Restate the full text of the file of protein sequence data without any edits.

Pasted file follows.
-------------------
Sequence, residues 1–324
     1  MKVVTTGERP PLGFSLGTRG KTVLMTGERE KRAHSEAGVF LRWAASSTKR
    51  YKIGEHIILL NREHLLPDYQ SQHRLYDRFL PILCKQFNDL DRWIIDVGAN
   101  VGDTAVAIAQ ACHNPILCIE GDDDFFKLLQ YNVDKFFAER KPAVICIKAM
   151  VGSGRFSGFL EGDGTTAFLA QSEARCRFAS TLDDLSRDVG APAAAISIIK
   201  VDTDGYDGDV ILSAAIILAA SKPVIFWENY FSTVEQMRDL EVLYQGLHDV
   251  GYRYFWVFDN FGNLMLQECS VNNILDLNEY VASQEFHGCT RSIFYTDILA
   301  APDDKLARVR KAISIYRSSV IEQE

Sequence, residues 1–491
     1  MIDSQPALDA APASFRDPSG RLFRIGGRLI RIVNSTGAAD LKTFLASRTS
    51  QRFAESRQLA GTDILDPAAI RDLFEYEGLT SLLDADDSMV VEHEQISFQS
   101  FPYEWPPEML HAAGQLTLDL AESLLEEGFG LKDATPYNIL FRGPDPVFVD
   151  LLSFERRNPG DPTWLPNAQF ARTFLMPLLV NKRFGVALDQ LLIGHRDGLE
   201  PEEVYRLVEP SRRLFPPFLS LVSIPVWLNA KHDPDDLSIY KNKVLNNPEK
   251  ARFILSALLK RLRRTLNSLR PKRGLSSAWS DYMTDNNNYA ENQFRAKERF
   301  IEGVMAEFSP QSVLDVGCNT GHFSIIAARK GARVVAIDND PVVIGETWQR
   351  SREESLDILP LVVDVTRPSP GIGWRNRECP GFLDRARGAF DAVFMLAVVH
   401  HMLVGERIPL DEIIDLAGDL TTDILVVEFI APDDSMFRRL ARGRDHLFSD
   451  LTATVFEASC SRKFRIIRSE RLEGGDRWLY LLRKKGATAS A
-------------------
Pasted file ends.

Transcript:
Sequence, residues 1–324
     1  MKVVTTGERP PLGFSLGTRG KTVLMTGERE KRAHSEAGVF LRWAASSTKR
    51  YKIGEHIILL NREHLLPDYQ SQHRLYDRFL PILCKQFNDL DRWIIDVGAN
   101  VGDTAVAIAQ ACHNPILCIE GDDDFFKLLQ YNVDKFFAER KPAVICIKAM
   151  VGSGRFSGFL EGDGTTAFLA QSEARCRFAS TLDDLSRDVG APAAAISIIK
   201  VDTDGYDGDV ILSAAIILAA SKPVIFWENY FSTVEQMRDL EVLYQGLHDV
   251  GYRYFWVFDN FGNLMLQECS VNNILDLNEY VASQEFHGCT RSIFYTDILA
   301  APDDKLARVR KAISIYRSSV IEQE

Sequence, residues 1–491
     1  MIDSQPALDA APASFRDPSG RLFRIGGRLI RIVNSTGAAD LKTFLASRTS
    51  QRFAESRQLA GTDILDPAAI RDLFEYEGLT SLLDADDSMV VEHEQISFQS
   101  FPYEWPPEML HAAGQLTLDL AESLLEEGFG LKDATPYNIL FRGPDPVFVD
   151  LLSFERRNPG DPTWLPNAQF ARTFLMPLLV NKRFGVALDQ LLIGHRDGLE
   201  PEEVYRLVEP SRRLFPPFLS LVSIPVWLNA KHDPDDLSIY KNKVLNNPEK
   251  ARFILSALLK RLRRTLNSLR PKRGLSSAWS DYMTDNNNYA ENQFRAKERF
   301  IEGVMAEFSP QSVLDVGCNT GHFSIIAARK GARVVAIDND PVVIGETWQR
   351  SREESLDILP LVVDVTRPSP GIGWRNRECP GFLDRARGAF DAVFMLAVVH
   401  HMLVGERIPL DEIIDLAGDL TTDILVVEFI APDDSMFRRL ARGRDHLFSD
   451  LTATVFEASC SRKFRIIRSE RLEGGDRWLY LLRKKGATAS A